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Phillips v. O'Neil

Supreme Court of Arizona

December 20, 2017

Brent Randall Phillips, Petitioner,
v.
The Honorable William O'Neil, Presiding Disciplinary Judge, Respondent Judge, State Bar of Arizona, Real Party in Interest.

         Special Action from the Office of the Presiding Disciplinary Judge No. PDJ2016-9128

          Ralph Adams (argued), Karen Clark (argued), Adams & Clark, PC, Phoenix, Attorneys for Brent Randall Phillips

          James D. Lee (argued), Senior Bar Counsel, Attorney for State Bar of Arizona

          Mark Brnovich, Arizona Attorney General, Dominic E. Draye, Solicitor General, Jennifer M. Perkins (argued), Assistant Solicitor General, Phoenix, Attorneys for Amicus Curiae State of Arizona

          JUSTICE LOPEZ authored the opinion of the Court, in which CHIEF JUSTICE BALES, VICE CHIEF JUSTICE PELANDER, and JUSTICES BRUTINEL, TIMMER, and GOULD joined. JUSTICE BOLICK dissented.

          OPINION

          LOPEZ JUSTICE

          ¶1 This case concerns the application of Arizona Rules of Evidence 408 and 613 when the State Bar of Arizona seeks to use a consent judgment entered in another matter in attorney disciplinary proceedings. We hold that Rule 408 precludes use of a consent judgment to prove substantive facts to establish liability for a subsequent claim, and a consent judgment likewise cannot be used for impeachment purposes under Rule 613.

         BACKGROUND

         ¶2 Disciplinary proceedings are currently pending against attorney Brent Phillips before the Presiding Disciplinary Judge ("PDJ"). Prior to these proceedings, the Arizona Attorney General sued Phillips for violations of the Arizona Consumer Fraud Act ("CFA"), A.R.S. §§ 44-1521 to -1534. The state alleged that he mailed deceptive advertisements to Arizona consumers. Among other violations, the advertisements led consumers to mistakenly believe they were eligible for mortgage payment or interest rate deductions and were worded in a way that made some consumers think the mortgage lenders sent the advertisements. The advertisements also made the program look selective when it was not, and Phillips' fee agreements required consumers to pay attorney fees up front, even if the lender ultimately denied the application to modify the consumers' mortgage loan terms. The disciplinary proceedings also relate to this conduct.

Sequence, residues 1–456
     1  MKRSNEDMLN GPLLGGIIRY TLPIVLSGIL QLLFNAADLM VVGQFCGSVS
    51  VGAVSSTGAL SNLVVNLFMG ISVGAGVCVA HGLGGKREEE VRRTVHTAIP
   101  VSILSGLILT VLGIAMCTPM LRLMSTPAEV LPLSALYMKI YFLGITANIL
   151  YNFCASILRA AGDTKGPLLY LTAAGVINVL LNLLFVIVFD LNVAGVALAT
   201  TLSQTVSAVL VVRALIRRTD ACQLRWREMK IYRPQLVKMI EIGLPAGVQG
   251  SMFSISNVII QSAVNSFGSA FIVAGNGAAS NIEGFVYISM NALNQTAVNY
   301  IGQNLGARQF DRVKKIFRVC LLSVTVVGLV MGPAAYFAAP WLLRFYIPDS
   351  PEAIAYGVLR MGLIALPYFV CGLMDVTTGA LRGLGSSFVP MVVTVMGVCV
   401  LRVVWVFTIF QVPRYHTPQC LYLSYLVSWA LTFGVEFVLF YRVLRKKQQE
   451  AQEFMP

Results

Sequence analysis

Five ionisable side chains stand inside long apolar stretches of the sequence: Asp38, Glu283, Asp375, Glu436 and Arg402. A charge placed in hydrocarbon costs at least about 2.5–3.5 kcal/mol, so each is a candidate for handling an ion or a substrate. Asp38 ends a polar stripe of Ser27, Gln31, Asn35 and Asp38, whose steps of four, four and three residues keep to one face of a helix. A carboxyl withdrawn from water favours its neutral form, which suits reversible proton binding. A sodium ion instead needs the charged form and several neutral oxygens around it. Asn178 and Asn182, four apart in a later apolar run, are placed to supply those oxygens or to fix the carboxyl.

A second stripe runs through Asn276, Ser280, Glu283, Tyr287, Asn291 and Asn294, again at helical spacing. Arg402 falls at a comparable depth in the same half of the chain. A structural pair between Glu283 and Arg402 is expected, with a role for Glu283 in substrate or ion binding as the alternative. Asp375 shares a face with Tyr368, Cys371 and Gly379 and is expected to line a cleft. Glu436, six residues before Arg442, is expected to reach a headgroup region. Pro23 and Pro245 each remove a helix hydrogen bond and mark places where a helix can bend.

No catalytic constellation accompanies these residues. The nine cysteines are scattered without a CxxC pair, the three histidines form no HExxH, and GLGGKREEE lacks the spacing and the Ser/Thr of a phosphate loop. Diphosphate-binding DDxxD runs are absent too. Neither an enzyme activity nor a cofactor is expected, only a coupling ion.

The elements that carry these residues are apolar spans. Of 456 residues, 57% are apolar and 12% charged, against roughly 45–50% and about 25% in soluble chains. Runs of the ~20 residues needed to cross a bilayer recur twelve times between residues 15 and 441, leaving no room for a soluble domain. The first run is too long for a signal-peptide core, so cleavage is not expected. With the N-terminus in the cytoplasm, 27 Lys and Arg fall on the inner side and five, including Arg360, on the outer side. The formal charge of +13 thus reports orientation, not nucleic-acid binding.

¶3To resolve the Attorney General's CFA action, Phillips agreed to a consent judgment ("Judgment"). The Judgment waived Phillips' right to a trial, admitted that his actions violated the CFA and a federal regulation, and required him to pay restitution, attorney fees, and civil penalties. The Judgment also precluded its use in most other proceedings:

With the exceptions of paragraphs 12 and 13 above and the State's enforcement of this Consent Judgment, this Consent Judgment is not and shall not in any event be used as an admission or evidence of any alleged wrongdoing or liability by defendant Brent Randall Phillips, defendant Phillips Law Center, and defendant Farmer's Law Group in any other civil, criminal, or administrative court, administrative agency or other tribunal anywhere in the United States of America.

         ¶4 Paragraphs 12 and 13 concern the state's rights to enforce the Judgment during a bankruptcy proceeding or subsequent civil litigation. The parties stipulated that the Judgment was the result of a compromise and settlement agreement and that only the parties could seek its enforcement.

         ¶5 During attorney disciplinary proceedings before the PDJ, Phillips' counsel moved in limine to preclude the State Bar from introducing the Judgment into evidence for any purpose. The State Bar opposed the motion, arguing it should be allowed to use the Judgment to impeach Phillips' testimony if it differed from the facts contained in the Judgment. The PDJ ruled in favor of the State Bar, allowing it to introduce the Judgment's stipulated facts (but not the sanctions) for impeachment purposes.

         ¶6 In his order, the PDJ recognized that the Judgment's terms precluded its use "as an admission or evidence of any alleged wrongdoing or liability" by Phillips. The PDJ concluded, however, that Rule 408 does not render the stipulated facts inadmissible because the Judgment is being used for a different purpose than in the Attorney General's original "claim." Finally, the PDJ quoted Rule 613(b), emphasizing that extrinsic ...


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